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CD Review

On 'Dear Science,' a human touch

TV on the Radio "Dear Science" released on Sept. 23, is the third album by TV on the Radio. (Michael Lavine)
By Joan Anderman
Globe Staff / September 23, 2008
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"The lazy way they turned your head into a rest stop for the dead and did it all in gold and blue and gray/ The efforts to allay your dread," go the opening lines of TV on the Radio's new album, over joyful bah-bah-bah's and perky hand claps. Several bouncy, fearsome minutes later the singer announces: "I know too much. It's over now."

Oh, but it's not. "Halfway Home," the lead track on TVOTR's fantastic third album, "Dear Science," out today, may be the welcome mat at the door to the apocalypse, but like Prince and R.E.M. and Arcade Fire before it, TV on the Radio is going down in a blaze of glory.

The group's fundamental template - an atmospheric blend of post-punk, funk-soul, and heady electronics - remains unchanged, but on "Dear Science" TVOTR's multi-instrumentalist and producer Dave Sitek has stepped out of his beloved sludge and into the light. The songs are brighter, more vital, as energized and beautiful as they are portentous. It's as if the band, poised at the precipice, on a dying planet crawling with ignorant citizens, surrounded by warfare and soulless machines and a precious bit of love, figured it may as well try to lasso the pageant of life.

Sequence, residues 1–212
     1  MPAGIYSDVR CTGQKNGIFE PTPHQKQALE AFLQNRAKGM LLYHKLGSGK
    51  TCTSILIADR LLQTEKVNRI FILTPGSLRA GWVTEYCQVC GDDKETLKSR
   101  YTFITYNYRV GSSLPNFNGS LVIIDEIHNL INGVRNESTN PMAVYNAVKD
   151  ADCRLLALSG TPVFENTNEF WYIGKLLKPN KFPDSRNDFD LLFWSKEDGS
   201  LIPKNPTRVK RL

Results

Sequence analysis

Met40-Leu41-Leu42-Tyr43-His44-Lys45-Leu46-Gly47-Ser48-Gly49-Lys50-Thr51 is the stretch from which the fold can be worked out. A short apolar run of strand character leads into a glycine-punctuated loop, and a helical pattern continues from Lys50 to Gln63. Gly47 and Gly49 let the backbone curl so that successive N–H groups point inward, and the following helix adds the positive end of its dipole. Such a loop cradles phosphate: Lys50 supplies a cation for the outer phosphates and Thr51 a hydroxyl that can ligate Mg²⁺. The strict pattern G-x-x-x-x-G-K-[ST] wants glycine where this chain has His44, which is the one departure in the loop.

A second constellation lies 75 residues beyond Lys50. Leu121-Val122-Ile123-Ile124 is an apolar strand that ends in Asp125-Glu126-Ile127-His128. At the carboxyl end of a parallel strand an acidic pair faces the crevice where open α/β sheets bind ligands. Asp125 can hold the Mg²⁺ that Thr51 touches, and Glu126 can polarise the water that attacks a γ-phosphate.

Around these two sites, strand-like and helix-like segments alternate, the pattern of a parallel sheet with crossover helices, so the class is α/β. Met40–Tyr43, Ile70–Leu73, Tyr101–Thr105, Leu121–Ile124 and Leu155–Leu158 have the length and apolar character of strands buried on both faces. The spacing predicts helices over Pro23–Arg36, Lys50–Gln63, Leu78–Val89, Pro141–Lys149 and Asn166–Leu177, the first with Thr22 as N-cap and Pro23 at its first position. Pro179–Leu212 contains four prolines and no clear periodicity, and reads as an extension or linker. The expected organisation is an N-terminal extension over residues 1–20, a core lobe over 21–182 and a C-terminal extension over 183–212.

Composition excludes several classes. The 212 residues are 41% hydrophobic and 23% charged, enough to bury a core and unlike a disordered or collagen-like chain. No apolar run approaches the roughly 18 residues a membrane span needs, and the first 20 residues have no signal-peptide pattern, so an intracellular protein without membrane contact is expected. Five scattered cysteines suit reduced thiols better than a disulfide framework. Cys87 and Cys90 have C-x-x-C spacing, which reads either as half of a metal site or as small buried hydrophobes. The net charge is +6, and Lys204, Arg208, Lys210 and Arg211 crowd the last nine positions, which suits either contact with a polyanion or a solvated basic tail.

It's that sprawling sense of humanity that makes "Dear Science" such a rich listen. "Crying" is a muted disco tune about race riots. A string quartet pumps warm blood into "Stork and Owl," a gloriously measured meditation on the end of days, and they're joined by a horn section for the single "Golden Age," an eerie, celebratory dance-rock jam that imagines "the sun spittin' happiness into the hereafter."

Violins and trumpets are everywhere, replacing distortion with graceful, majestic textures that feel no less forceful than a squalling electric guitar. And the warmth and sparkle make sense on an album so explicitly designed to connect with people, from the double-fisted sax attack on "Dancing Choose" to quivering swells that sweeten the blows of a "Family Tree" burdened with dangling gallows and evil roots.

The album climaxes - literally - with the victorious sex march of "Lover's Day." It's an ecstatic track, filled with jingle bells and snapping snare beats and drunken, teetering brass. "Here, of course, there are miracles/ Under your sighs and moans/ I'm gonna take you, I'm gonna take you, I'm gonna take you home" is TV on the Radio's parting thought. If pleasure has the power to heal, "Dear Science" may just help us survive.

Joan Anderman can be reached at anderman@globe.com. For more on music, go to www.boston.com/ae/music/blog.

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